Like all reds, Merlot has an ideal temperature range. The notion of serving reds at room temperature is outdated because people’s homes vary drastically in temperature, from cold in winter to hot in summer. Regardless, the average house at 70-75°F is still too warm for red wine. And when Merlot is too warm, the alcohol tastes hot while the flavors are muddled. Too cold, and the aromas and flavors are muted. The ideal temperature range to serve Merlot is 60–65°F, which can be achieved by 15 minutes in the refrigerator. If you don’t finish a bottle of Merlot, replace the cork and stick it back in the fridge. The flavors will stay fresh for 2–4 days. Beyond that, the wine will start to oxidize. At that point, toss it in a braised meat or vegetable dish.
Tomahawk Steak is great with Merlot/Getty
What foods pair best with Merlot?
One reason people love Merlot is its versatility, thanks to the range of styles and prices on the market. Fruity, easy-drinking Merlot goes great with white and dark meats from chicken, turkey and pork, as well as weeknight pasta, burgers, and pizza. Fuller-bodied, ripe and fleshy styles, often with higher alcohol, can handle fuller-flavored foods such as beef and lamb, hearty bean dishes, and game meats like venison and bison. Classic, savory styles such as right bank Merlot from Bordeaux go well with roasted meats, duck, and mushrooms. The key is to match the wine’s weight and flavor intensity with the weight and flavor intensity of the dish.
Merlot versus Cabernet Sauvignon: What’s the difference?
Good question. While Merlot and Cabernet Sauvignon are different grapes, in blind tastings, it can be hard to differentiate them, especially when grown in cooler climates. Why? Because they come from the same family of grapes, sharing a parent Cabernet Franc. Wines from this family have aromatic organic chemical compounds that produce bell pepper and herbal notes that are more prominent in cooler regions. Plus, Merlot in cooler regions like its homeland of Bordeaux develops firmer tannins, more structure and savory character than in warm climates, making it easier to mistake for Cabernet Sauvignon. The two are often blending partners in red Bordeaux wine, Cabernet for its cassis, herbal undertones, and tannin structure and Merlot for its supple texture and ripe fruit. Merlot is usually cheaper, fruitier, and softer than Cabernet, and often perceived as less complex.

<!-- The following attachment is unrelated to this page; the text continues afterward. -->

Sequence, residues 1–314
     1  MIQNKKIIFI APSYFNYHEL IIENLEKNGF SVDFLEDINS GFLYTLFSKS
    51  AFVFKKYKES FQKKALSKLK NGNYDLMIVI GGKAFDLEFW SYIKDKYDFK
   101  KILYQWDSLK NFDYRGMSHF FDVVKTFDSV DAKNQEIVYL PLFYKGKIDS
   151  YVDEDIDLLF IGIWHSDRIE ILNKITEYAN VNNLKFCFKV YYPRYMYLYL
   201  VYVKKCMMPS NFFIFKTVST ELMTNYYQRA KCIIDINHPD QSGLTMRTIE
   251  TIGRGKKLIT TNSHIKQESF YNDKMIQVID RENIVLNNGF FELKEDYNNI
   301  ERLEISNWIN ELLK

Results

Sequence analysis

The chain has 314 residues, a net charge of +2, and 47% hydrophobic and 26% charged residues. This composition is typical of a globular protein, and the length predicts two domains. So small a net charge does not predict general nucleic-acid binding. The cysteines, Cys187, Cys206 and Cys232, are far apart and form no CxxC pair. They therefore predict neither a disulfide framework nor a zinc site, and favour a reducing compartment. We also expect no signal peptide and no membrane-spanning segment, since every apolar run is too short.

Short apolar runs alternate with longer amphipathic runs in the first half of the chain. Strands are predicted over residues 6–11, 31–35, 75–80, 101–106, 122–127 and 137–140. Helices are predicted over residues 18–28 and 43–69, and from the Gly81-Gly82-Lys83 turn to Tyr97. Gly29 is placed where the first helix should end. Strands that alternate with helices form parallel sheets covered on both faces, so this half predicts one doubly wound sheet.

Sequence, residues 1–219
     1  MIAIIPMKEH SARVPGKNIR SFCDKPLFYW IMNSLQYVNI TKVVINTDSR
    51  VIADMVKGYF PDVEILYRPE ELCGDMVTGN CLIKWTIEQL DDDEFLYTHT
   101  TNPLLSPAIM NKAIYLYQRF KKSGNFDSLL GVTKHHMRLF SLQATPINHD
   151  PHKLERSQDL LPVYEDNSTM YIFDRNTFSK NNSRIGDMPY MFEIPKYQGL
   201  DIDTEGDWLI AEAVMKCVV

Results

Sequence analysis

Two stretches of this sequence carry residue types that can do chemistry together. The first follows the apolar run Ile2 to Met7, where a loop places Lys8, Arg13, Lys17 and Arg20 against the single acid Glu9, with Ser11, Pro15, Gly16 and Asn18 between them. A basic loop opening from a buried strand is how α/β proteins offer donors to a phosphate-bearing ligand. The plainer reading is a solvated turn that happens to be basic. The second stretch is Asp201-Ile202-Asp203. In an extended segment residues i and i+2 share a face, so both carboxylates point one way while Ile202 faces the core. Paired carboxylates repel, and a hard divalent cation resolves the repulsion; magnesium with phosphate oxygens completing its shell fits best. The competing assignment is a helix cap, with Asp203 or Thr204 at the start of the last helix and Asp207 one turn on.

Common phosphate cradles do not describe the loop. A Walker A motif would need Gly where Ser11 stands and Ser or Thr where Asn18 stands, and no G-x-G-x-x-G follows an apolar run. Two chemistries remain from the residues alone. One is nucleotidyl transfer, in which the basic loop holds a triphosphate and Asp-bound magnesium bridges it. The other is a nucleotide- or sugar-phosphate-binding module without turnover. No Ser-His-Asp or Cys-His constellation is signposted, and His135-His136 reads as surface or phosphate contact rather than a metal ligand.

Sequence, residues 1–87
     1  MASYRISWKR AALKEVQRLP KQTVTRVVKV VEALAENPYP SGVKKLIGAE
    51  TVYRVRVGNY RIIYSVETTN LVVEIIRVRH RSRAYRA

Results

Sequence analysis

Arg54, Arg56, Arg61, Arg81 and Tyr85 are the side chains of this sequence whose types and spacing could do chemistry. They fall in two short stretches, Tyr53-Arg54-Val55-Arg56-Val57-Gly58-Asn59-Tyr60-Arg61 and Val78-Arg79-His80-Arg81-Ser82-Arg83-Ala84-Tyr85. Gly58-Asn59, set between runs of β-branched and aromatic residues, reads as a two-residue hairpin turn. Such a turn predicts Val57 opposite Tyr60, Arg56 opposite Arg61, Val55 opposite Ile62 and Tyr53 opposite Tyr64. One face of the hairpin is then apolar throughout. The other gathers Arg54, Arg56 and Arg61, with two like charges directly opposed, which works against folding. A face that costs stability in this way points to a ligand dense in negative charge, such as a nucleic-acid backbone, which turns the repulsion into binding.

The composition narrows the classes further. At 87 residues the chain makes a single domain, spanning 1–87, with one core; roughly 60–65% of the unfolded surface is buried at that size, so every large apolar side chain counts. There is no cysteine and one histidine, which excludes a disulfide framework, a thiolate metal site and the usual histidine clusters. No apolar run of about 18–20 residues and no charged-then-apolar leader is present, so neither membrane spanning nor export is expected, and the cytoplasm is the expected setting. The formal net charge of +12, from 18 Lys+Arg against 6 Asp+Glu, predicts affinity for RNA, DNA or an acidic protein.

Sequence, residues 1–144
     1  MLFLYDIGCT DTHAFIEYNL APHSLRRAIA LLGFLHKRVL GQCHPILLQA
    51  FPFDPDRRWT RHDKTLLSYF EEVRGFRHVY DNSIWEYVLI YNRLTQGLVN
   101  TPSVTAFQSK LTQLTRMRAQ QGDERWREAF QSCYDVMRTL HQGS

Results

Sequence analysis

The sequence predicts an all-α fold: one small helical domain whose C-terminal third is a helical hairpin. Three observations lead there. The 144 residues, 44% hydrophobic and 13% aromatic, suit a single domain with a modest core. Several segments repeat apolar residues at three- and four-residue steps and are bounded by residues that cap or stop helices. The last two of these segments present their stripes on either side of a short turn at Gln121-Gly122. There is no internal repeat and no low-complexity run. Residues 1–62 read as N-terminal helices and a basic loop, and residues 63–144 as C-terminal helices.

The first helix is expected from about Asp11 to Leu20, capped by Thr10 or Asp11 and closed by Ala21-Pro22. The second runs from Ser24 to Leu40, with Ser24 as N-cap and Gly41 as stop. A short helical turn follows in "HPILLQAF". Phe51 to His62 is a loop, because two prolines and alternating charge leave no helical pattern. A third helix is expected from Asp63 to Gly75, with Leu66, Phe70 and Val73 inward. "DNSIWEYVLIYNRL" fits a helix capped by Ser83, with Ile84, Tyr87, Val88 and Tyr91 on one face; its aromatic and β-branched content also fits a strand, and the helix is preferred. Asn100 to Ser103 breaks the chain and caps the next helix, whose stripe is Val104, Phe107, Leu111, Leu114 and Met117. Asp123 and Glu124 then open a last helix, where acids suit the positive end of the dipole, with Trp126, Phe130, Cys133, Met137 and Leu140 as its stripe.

What’s the difference between Pinot Noir and Merlot?
Again, these are two different red grapes. Pinot Noir is a thin-skinned variety that makes wines of moderate color and alcohol, with high acidity, elegance, and perfume of red fruits (cranberries, raspberries, red cherries). Pinot Noir has long been famous with wine lovers for the haunting styles made in Burgundy, later embraced by mainstream American wine drinkers, notably after Sideways. Merlot has more tannin, body, alcohol, and a darker hue, and hails from the right bank of Bordeaux where it has been made famous by the wines of Pomerol and Saint-Émilion.
Try this Finger Lakes Estate Bottled Merlot from Lamoreaux Landing Wine Cellars, Seneca Lake -
2017 Merlot Block 137 Estate Bottled
Warm aromas of cinnamon, cedar and exotic spices hint at plush notes of ripe plum and cherry that permeate the palate, enveloped by supple tannins and earthy freshness with a generous finish. Try with grilled meats, rosemary roasted chicken, a sun-dried tomato risotto, full-flavored cheeses, or dark chocolate.
Cover Photo of Merlot grapes courtesy of Getty Images